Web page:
Apple recently pulled an application that promoted the Manhattan Declaration, a movement to protect conservative Christian values. It focuses on three main issues: the sanctity of life, dignity of marriage as one man and one woman and religious liberty.
Backed by more than 480,700 signatures, declaration signers include big names like Chuck Colson and James Dobson. A petition to reinstate the app, pulled over Thanksgiving weekend, has more than 43,170 signatures so far.
The petition is written to Apple's chief executive officer Steve Jobs. Last I heard, Jobs has not responded to the petition directly, but an Apple PR rep told "Family News in Focus" radio that the app violates guidelines by being "offensive to large groups of people."
The app was originally rated 4+ for "no objectional content." The decision to pull the app came after a small but vocal pro-abortion and pro-gay marriage group protested.
App Store guidelines state:
"Apps containing references or commentary about a religious, cultural or ethnic group that are defamatory, offensive, mean-spirited or likely to expose the targeted group to harm or violence will be rejected."
I have read and signed the declaration and I find no reference to any of those things. Disagreeing with pro-abortionists and gay marriage is not the same as being "defamatory" or "mean-spirited." I wonder if protesters would describe their own disagreement with people like me the same way.
I'm tired of small groups of people calling foul and saying Christian beliefs are unfair to them. "It's not fair for you to have a say, but I want mine." The next thing you know, people will ask Apple to pull the Bible app because they're offended. No one is asking them to download these applications.
What if a small group of non-drinkers found the Pub Crawler or Cocktail Recipes apps offensive? I can't help but think the collective response would be "get over it."
What if a group of educators protested the "Boring School" app where students try to hit the teacher with a wad of paper? "It's harmless," some might say.
How about the "Hacker Evolution" app where you have to hack eight virtual servers to win the game?
Could Apple also pull the "iMenorah" app, the "Celtic Lunar Astrology" app or "Tarot Reading" apps? What if I'm offended by those beliefs, even though they contain no hateful or disrepectful language?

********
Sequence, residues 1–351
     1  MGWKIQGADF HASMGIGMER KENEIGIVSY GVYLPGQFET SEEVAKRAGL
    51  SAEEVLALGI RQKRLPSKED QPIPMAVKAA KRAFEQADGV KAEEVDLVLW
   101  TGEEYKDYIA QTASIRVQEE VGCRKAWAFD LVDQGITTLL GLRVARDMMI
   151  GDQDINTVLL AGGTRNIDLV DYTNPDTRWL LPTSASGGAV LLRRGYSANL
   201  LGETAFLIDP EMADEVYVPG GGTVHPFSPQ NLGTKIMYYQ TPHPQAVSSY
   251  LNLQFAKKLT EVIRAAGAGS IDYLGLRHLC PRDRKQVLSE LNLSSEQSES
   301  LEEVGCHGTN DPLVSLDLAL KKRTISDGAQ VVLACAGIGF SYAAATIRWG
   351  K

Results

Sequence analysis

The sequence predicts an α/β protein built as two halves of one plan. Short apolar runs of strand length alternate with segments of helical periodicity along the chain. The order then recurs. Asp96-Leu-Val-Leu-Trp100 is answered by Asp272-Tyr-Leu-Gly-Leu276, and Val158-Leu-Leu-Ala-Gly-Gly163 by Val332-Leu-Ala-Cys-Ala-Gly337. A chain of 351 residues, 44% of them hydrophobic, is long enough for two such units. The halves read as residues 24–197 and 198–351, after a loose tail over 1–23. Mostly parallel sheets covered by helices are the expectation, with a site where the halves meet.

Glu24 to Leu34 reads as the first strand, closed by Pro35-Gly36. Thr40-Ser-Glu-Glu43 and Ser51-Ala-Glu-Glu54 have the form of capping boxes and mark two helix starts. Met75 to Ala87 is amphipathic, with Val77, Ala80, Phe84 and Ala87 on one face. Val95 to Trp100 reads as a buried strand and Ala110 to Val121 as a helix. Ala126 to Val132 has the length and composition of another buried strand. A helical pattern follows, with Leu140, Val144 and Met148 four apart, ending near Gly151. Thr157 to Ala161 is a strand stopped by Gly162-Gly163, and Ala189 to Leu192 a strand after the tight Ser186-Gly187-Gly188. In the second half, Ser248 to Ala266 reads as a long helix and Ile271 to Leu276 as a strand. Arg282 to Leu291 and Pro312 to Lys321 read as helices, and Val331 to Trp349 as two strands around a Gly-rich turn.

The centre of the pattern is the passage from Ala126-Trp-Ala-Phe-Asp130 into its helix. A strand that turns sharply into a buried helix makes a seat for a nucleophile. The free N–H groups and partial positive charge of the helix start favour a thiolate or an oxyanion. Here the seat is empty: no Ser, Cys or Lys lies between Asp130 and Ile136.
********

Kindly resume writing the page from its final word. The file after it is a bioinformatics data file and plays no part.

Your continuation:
How about the apps for Bible quizzes or Christian networking? Will Apple pull those, too, because people are offended by Christian beliefs?
I applaud Apple for removing such apps as "baby shaker" — which I do think could have dangerous consequences, but I think this is a step in the wrong direction. And not just because I support the declaration.
Frankly, if there was an app where people could sign a pro-abortion document, I would disagree on the issue and hold fast to my own views, but I wouldn't protest it. You have your opinion, and I have mine. I'm also not Jewish or into Tarot readings, but that's the great thing about America. You do your thing; I'll do mine. How can you try to shut me up when you know you'd kick and scream if I did the same to you?
In a column in the San Francisco Chronicle, Colson wrote:
"Apple has every right to decide what to offer in its app store and what not to offer. But it is chilling that such a culture-shaping company would so quickly take sides in a debate.
"There is something more at stake here than whether Apple hosts a particular app; whether or not we are capable as a society of maintaining the free marketplace of ideas. Because the open and civil exchange of ideas is essential to democracy and a free society. The kind of society that has produced entrepreneurial geniuses like Jobs."
Read more about the declaration at www.manhattandeclaration.org.